Name: The Saltburn bath bomb.
Age: Brand new.
Appearance: Milky. Salty.
I don’t know what Saltburn is. OK, we’ll start at the beginning. Saltburn is a film written and directed by the Oscar-winning film-maker Emerald Fennell, about a young man who causes chaos when he’s invited to stay at a stately home.
What does this have to do with bath bombs? Ah, this is going to be difficult to explain if you haven’t seen the film. Tell you what, it’s streaming on Amazon at the moment. Go and watch it, then come back in about 50 minutes.
If you insist, but this doesn’t seem like a particularly good use of my time … Oh my God. Right?
What the hell did I just watch? Right? It gets a lot worse from there, but this is generally the point where people start to realise that Saltburn probably isn’t going to be the sedate aristocratic drama they thought it was.
Hang on a minute – someone made a bath bomb of that? Yes, they did. Spoiler alert: someone made a bath bomb of the scene where Barry Keoghan watches Jacob Elordi masturbate in the bath, then sneaks in and licks the plughole.
For real? For real. Lush has just released Saltbomb, which it describes thus: “Lap it up, Saltbomb’s salty, milky bath water is fit for a stately splurge … Sharing a fragrance with our all-year-round moisturising bubble bar, Milky Bath … [it leaves] the bather with silky smooth bath water they’ll want to treasure every last drop of.”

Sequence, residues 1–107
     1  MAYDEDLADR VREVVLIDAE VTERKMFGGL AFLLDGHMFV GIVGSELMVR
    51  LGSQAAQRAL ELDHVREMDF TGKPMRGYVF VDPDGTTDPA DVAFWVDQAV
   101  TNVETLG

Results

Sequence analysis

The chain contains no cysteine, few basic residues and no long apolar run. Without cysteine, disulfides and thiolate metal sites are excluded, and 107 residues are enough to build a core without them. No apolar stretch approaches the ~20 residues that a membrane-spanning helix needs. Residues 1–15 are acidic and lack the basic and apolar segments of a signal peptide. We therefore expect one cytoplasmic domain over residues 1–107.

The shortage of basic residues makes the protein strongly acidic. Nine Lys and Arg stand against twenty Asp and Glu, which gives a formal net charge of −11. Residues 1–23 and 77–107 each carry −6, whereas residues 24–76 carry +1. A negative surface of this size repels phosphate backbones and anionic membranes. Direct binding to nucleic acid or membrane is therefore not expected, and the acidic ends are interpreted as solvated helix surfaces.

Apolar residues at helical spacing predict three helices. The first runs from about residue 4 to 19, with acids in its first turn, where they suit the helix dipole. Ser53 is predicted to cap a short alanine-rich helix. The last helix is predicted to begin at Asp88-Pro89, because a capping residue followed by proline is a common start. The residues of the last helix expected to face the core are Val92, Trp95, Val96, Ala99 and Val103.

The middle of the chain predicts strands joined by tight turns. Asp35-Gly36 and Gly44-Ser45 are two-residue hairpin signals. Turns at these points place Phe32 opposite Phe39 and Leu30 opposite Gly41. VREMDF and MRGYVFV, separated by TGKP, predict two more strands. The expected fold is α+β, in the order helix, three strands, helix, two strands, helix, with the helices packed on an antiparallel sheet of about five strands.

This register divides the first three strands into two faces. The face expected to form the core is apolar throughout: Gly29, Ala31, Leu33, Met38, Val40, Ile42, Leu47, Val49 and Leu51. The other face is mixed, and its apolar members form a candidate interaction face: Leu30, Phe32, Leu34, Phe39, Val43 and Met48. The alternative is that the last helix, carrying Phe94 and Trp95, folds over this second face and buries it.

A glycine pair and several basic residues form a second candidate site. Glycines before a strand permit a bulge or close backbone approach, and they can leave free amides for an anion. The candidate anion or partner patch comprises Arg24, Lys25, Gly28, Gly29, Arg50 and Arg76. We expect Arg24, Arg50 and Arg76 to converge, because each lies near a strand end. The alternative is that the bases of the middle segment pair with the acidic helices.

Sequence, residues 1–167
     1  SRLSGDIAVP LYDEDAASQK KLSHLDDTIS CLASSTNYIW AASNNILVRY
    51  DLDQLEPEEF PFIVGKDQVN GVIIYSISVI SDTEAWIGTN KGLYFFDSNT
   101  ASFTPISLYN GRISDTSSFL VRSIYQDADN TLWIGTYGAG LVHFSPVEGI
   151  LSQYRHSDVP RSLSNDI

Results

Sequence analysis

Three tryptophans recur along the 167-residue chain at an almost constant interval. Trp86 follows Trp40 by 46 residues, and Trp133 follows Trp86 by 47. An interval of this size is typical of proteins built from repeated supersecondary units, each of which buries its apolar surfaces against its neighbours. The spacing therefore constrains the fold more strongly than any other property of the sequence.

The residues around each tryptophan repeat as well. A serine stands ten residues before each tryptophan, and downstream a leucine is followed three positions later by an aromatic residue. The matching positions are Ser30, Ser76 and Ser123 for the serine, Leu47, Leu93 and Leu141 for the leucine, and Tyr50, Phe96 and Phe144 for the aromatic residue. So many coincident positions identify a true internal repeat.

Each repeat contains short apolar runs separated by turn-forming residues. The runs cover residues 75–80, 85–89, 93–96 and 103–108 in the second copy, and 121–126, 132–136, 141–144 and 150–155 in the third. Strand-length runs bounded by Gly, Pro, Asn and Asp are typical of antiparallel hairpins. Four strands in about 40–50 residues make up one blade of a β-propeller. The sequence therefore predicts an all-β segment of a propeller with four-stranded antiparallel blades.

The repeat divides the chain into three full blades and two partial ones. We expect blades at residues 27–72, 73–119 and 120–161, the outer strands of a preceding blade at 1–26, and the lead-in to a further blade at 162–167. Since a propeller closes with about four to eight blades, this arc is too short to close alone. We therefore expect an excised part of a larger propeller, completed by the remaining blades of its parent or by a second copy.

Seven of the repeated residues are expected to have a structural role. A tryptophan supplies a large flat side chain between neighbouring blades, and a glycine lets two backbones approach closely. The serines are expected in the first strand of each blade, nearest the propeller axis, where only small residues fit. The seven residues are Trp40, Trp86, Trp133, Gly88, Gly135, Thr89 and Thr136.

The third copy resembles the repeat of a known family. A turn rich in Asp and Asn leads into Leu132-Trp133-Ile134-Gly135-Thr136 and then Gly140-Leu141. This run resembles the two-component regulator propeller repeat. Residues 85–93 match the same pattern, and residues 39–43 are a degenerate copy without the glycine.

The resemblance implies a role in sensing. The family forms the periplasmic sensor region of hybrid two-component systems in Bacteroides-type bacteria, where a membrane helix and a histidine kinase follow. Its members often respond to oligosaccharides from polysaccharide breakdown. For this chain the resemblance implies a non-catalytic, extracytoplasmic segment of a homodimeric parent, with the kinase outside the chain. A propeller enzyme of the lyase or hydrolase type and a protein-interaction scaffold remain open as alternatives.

I’m going to be sick. Then definitely don’t look at Etsy.
Why? It is absolutely teeming with Saltburn products, many of which come in the form of candles that smell like Elordi’s bathwater.
So, bathwater plus … Yes, best not to dwell on it. Plus an enterprising Australian cocktail brand has just brought out its own Saltburn-inspired drink. It’s gin, lychee martini and coconut milk, if you’re interested.
I’m not interested, thank you very much. But how amazing is this? So many films would give their left leg to become the sort of all-encompassing pop culture phenomenon that Saltburn is now. Nobody made cocktails or bath bombs that had anything to do with, I don’t know, Avatar 2.
That might be because Avatar 2 didn’t include any scenes where a young man ruins the idea of baths for ever. Well, I guess there’s always Avatar 3.
Do say: “Saltburn’s weirdest moment is now immortalised as a hygiene product.”
Don’t say: “I’d rather wait for the official Saltburn soil dibber, thanks.”